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Want to implement some network capabilities and I wonder what library should one use for cross-platform purposes.

Have only java experience in sockets, so google gave a few tutorials using sys/sockets.h, library sockets++ and boosts asio, which all should be crossplatform capable.

Basically I want to use tcp and ipv4 (maybe ipv6 later on) to send some sensitive documents which will be encrypted with RSA.

What do you suggest? and yes it must be cross-platform.

Edit: Also using qt4 and noticed that it had a network module. How does it compare to the rest ?

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7 Answers 7

up vote 27 down vote accepted

You can use normal bsd-style sockets. You may have a few #ifdef's going on to detect the OS specific defines, but in general they are the same on all operating systems.

If you'd like to avoid the #ifdefs altogether, you should use boost::asio which was just known as asio and recently included inside boost. Asio was also submitted to the C++ standards committee for possible inclusion in C++ TR2.

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Boost is the way. Trust it. –  DaedalusFall Mar 24 '09 at 17:36

The best socket library out there using modern c++ is:

However for older style C++ which is probably more familiar to java users, you may like the socket support in trolltech's QT library:

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I've had success with ADAPTIVE Communication Environment, which consists of platform independant object oriented wrappers for most low level operating system calls (threading, sockets, etc).

ACE is open source and runs on a crazy number of platforms:

The portability of ACE's OS adaptation layer enables it to run on a many operating systems. ACE has been ported and tested on a wide range of OS platforms including Windows (i.e., WinNT 3.5.x, 4.x, 2000, Embedded NT, XP, Win95/98, and WinCE using MSVC++, Borland C++ Builder, and IBM's Visual Age on 32- and 64-bit Intel and Alpha platforms), Mac OS X, most versions of UNIX (e.g., Solaris on SPARC and Intel, SGI IRIX 5.x and 6.x, DG/UX, HP-UX 10.x, and 11.x, Tru64UNIX 3.x and 4.x, AIX 3.x, 4.x, 5.x, DG/UX, UnixWare, SCO, and freely available UNIX implementations, such as Debian Linux 2.x, RedHat Linux 5.2, 6.x, 7.x, 8x, and 9.x, as well as the various Enterprise editions, SUSE Linux 8.1 and 9.2, Timesys Linux, FreeBSD, and NetBSD), real-time operating systems (e.g., LynxOS, VxWorks, ChorusOS, QnX Neutrino, RTEMS, OS9, and PSoS), OpenVMS, MVS OpenEdition, and CRAY UNICOS. A single source tree is used for all these platforms.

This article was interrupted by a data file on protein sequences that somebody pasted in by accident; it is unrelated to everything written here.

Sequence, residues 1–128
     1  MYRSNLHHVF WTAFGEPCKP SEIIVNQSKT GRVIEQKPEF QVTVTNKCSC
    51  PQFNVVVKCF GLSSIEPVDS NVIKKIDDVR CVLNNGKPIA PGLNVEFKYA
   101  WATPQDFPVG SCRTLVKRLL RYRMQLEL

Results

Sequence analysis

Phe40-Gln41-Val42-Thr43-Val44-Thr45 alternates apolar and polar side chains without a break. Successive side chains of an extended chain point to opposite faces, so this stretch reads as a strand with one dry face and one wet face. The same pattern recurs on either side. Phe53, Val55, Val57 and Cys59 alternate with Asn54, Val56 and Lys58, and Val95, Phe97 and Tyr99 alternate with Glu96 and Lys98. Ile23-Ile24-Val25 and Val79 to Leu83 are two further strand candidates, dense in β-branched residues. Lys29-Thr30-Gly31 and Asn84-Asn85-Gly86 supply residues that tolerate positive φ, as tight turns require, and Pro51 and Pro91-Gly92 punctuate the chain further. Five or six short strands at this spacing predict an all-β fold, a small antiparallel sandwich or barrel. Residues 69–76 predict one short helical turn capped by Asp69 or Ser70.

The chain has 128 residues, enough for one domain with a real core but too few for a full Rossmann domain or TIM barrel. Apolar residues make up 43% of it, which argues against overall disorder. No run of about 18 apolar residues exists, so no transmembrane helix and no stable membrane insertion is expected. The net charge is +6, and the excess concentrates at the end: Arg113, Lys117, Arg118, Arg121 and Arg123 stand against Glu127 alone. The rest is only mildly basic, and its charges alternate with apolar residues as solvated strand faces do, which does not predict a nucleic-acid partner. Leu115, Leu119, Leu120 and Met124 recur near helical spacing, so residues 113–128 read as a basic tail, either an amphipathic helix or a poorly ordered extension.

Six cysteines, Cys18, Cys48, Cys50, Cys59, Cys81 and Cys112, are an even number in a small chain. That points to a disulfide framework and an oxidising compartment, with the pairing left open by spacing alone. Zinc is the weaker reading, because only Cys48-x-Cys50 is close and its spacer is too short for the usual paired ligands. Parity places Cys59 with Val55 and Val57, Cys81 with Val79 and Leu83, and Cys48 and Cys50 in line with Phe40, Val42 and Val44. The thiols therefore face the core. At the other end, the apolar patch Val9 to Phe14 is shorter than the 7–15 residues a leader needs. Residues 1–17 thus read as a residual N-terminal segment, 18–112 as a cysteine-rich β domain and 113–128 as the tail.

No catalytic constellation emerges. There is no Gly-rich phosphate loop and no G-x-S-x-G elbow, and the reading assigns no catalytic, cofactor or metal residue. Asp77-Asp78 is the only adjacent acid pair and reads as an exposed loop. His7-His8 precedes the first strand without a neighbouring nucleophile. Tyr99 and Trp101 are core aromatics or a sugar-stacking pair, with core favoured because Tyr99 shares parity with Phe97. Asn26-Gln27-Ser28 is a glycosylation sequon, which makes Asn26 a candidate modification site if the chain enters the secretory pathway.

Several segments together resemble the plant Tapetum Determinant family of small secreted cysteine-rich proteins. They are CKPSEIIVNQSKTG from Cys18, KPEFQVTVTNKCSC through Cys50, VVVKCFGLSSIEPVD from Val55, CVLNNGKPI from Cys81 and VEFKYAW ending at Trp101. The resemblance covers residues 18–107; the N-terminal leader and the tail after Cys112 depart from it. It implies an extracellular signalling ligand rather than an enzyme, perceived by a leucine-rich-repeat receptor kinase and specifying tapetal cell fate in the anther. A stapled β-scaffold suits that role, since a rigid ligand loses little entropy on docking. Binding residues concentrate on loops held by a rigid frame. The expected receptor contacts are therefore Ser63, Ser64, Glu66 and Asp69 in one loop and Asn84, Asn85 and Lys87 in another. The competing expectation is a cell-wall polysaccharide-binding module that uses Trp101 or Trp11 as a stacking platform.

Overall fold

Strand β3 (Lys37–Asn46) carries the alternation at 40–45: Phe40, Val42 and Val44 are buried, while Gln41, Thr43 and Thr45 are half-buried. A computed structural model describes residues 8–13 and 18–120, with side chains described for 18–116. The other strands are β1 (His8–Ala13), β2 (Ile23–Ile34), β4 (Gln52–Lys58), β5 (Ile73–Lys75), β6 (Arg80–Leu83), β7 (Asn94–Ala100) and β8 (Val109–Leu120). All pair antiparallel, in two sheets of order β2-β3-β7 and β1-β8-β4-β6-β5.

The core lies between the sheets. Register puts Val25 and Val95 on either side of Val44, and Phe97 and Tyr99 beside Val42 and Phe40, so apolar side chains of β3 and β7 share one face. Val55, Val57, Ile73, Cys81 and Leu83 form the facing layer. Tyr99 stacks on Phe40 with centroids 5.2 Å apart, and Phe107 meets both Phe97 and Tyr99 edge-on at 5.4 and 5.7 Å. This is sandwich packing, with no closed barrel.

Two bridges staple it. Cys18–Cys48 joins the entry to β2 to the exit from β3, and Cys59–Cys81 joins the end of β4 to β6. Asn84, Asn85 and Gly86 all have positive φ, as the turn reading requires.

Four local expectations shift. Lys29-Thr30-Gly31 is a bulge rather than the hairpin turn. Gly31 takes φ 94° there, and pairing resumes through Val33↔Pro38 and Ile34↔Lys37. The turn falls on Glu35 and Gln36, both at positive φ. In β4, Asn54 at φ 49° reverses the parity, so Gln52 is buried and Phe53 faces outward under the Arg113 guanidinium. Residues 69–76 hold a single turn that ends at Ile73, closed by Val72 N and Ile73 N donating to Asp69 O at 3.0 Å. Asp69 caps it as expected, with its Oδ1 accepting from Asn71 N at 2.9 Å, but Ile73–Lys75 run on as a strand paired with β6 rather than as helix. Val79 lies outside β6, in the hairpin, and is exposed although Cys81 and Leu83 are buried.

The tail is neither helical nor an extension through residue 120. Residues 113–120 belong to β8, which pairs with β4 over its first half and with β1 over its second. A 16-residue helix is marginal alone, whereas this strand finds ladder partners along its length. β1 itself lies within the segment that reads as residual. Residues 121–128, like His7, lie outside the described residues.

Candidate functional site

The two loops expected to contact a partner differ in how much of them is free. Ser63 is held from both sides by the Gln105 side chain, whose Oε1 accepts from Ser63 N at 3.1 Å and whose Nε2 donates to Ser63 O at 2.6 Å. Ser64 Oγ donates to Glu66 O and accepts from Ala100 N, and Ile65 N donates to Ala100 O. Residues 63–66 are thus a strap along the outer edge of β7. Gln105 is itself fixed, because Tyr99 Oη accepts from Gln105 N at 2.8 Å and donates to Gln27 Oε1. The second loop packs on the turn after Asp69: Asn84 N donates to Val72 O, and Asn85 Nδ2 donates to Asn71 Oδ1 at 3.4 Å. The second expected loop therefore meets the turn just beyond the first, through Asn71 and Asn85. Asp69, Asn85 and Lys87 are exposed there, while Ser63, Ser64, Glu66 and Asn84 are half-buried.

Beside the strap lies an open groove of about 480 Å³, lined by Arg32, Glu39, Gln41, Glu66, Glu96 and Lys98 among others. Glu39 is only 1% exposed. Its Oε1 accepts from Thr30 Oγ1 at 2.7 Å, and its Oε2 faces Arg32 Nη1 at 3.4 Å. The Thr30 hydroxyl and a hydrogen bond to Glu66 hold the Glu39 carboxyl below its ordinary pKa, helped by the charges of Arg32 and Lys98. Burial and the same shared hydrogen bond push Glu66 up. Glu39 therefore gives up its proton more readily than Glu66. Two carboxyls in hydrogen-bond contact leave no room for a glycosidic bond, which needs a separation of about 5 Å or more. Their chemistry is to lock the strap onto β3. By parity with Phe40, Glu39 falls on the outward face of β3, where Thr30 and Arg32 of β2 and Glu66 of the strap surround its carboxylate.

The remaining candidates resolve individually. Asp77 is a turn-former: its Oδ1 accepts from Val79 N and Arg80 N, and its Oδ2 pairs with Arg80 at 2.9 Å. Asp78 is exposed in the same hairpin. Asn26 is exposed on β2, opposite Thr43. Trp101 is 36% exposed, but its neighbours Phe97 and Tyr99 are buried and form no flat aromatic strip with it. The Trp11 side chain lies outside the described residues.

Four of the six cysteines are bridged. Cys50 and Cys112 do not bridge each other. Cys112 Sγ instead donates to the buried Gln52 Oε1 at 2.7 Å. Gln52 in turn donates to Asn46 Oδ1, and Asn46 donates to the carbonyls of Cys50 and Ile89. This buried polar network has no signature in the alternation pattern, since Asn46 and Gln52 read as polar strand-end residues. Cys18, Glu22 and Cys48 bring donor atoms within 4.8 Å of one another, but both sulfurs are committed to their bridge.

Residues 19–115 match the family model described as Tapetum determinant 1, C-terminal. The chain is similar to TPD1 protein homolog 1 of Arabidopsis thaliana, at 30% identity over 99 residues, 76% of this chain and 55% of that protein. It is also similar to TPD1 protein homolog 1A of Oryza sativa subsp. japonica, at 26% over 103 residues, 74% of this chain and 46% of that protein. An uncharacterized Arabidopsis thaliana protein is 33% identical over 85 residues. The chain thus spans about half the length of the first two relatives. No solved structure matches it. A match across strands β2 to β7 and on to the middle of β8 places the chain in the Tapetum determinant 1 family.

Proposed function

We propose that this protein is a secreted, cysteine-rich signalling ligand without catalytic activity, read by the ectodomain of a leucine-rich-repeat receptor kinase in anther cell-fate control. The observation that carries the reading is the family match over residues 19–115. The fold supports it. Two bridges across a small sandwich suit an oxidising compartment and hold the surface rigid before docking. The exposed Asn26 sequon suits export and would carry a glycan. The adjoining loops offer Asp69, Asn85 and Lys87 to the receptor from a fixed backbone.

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You can trust boost. It is cross-platform, peer reviewed and well-tested.

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How cross-platform do you want to be? I've had serious problems with boost when I've had to compile for OSX, Windows, Linux, Solaris, etc. I've worked on projects for GameCube, Xbox, PS2, PS3, XBox 360, Wii, DS, and PSP - though not at the same time. In these cases, regarding boost: run. –  Sniggerfardimungus Mar 24 '09 at 17:28
I have successfully worked with boost on OSX, Windows, Linux and a few more. Not, any specialized hardware though. –  dirkgently Mar 24 '09 at 17:30
@user30997 Of course ASIO won't work on gamecube, nor would it be plausible to have it try to work on PS2, Xbox, DS or the PSP. Don't be ridiculous. –  Qix Nov 27 '12 at 12:34

You could use NetLink Sockets C++ library. The easiest to use I have ever tested and also the more logical. You can do everything in a very easy way (you can check out the examples in its website). You should give it a try.

Features (got from the website):

  • Cross Platform (Linux, OSX, Windows Vista/7)
  • Easy to use
  • Powerful
  • Supports both Ip4 and Ip6
  • RPC (Remote Procedure Call) System

Project site:


Examples of use:

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I would suggest to take a look at YAMI - Yet Another Messaging Infrastructure. It is a lightweight messaging and networking framework. Here are YAMI4 video tutorials.

There is also cpp-netlib which aims to get in to Boost C++ Libraries, see post C++ Networking Library Release 0.5

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